The Education White Paper 3: A Programme for the Transformation of Higher Education (Department of Education, 1997: 8) included the recognition that there was "an inequitable distribution of access and opportunity for students and staff along lines of race, gender, class and geography". Even though many positive structural changes, such as working towards improving the race and gender demography, institutional transformation forums and the National Student Financial Aid Scheme (NSFAS), have been implemented, apartheid legacies remain entrenched in contemporary higher education. The Ministerial Committee on Transformation and Social Cohesion in Higher Education (Department of Education, 2008) and the Report on the Stakeholder Summit on Higher Education Transformation (Department of Higher Education and Training, 2010) have documented continuing challenges, originally identified in the White Paper 3 of 1997, that remain in relation to race, gender and class. Political protest by students during 2015 initially called for decolonising the academy through various student movements that collectively united under the banner of a national #Feesmustfall movement. The focus on inequalities in curriculum shifted to social inequalities of class, foregrounding the impact of poverty intersecting with other inequalities. These student movements have poignantly and overtly drawn attention to continued practices of exclusion in higher education.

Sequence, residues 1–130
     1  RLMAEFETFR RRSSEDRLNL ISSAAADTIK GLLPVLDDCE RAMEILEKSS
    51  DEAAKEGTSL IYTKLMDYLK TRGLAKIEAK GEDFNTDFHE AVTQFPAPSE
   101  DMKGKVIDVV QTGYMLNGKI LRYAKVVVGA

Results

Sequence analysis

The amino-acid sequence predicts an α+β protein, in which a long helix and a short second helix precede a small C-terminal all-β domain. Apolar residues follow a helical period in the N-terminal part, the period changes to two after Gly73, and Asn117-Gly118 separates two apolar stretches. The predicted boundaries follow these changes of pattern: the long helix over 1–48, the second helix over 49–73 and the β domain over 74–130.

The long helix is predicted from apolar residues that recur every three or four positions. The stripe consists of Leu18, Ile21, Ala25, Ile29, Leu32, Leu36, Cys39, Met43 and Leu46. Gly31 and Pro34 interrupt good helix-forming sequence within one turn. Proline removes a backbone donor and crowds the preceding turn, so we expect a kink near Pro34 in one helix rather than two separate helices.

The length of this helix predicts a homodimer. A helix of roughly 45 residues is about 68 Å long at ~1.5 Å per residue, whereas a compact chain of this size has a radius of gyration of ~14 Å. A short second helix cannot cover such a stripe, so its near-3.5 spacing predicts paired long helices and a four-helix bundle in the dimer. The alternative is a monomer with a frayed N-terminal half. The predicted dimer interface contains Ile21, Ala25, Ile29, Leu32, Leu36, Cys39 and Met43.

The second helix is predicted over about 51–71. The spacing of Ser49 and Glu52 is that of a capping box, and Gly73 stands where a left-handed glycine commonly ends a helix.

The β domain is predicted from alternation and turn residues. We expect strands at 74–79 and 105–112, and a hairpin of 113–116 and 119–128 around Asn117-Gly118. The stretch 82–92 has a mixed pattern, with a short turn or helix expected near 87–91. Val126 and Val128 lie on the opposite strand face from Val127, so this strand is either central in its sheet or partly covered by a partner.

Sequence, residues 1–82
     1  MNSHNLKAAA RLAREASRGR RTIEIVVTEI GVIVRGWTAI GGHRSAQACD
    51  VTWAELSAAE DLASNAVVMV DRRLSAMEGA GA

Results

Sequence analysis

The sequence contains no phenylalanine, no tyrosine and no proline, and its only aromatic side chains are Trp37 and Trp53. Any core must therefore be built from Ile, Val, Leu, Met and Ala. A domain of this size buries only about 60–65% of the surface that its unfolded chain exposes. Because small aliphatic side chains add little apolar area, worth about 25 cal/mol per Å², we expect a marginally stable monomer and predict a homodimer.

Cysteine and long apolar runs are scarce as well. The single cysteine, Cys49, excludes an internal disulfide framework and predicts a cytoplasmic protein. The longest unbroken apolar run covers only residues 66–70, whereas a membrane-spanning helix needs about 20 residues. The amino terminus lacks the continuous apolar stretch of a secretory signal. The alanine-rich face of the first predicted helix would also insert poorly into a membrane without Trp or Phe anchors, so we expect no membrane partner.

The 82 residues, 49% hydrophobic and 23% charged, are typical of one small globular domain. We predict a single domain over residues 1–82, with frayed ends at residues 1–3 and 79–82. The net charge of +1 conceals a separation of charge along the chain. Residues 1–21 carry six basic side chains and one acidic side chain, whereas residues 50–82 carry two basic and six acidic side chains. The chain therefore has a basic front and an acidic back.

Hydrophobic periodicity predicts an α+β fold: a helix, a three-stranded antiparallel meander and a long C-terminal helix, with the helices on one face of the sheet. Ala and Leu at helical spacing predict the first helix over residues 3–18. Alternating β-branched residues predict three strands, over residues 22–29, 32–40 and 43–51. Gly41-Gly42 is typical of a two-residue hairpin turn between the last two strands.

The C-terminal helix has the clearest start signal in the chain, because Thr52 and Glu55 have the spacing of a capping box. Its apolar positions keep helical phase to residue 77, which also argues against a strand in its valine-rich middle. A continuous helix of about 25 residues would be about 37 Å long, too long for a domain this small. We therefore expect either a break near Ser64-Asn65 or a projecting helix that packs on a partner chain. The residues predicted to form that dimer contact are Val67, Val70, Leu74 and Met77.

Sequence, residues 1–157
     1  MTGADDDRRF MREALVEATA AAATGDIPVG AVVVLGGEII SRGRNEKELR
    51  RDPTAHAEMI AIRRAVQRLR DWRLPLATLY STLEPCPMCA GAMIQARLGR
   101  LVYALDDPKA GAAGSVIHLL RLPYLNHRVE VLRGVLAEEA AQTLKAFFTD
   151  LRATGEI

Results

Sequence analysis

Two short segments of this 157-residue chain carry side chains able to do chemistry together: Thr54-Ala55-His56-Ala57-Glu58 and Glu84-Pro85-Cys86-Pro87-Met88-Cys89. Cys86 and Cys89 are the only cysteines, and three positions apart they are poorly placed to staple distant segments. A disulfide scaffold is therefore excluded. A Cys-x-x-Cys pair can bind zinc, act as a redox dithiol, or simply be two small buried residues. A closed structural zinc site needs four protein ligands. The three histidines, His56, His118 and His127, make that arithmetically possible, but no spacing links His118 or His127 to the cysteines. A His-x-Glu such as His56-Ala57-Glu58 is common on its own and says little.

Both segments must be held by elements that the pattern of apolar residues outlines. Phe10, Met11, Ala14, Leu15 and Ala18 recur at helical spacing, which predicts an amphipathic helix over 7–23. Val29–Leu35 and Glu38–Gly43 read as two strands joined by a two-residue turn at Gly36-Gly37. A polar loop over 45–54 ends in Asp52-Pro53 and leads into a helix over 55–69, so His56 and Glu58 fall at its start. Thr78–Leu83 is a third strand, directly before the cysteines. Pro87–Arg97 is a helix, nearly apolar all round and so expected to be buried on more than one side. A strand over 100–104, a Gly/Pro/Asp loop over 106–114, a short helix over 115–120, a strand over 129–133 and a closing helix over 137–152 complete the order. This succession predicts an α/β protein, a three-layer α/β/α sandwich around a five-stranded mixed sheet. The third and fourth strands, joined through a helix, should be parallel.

Calls for demographic transformation in terms of race and gender have been echoed in psychology. There have been shifts in undergraduate enrolments, at senior levels and in the profession, yet the discipline at all levels remains skewed towards an over-representation of certain groups. Whereas white individuals comprise a small minority of the South African population, they still constitute more than half of South African psychologists, psychology interns and postgraduate students, while black individuals, who represent the majority of the population, still constitute a relatively small minority of South African psychologists, and less than half of psychology interns and postgraduate students (HPCSA, 2013; Stats SA, 2013). Furthermore, Psychology is increasingly feminised from undergraduate levels to professional practice. In 2013, the Health Professions Council of South Africa (HPCSA) figures showed that 79.7% of interns and 77.4% of postgraduate students were women.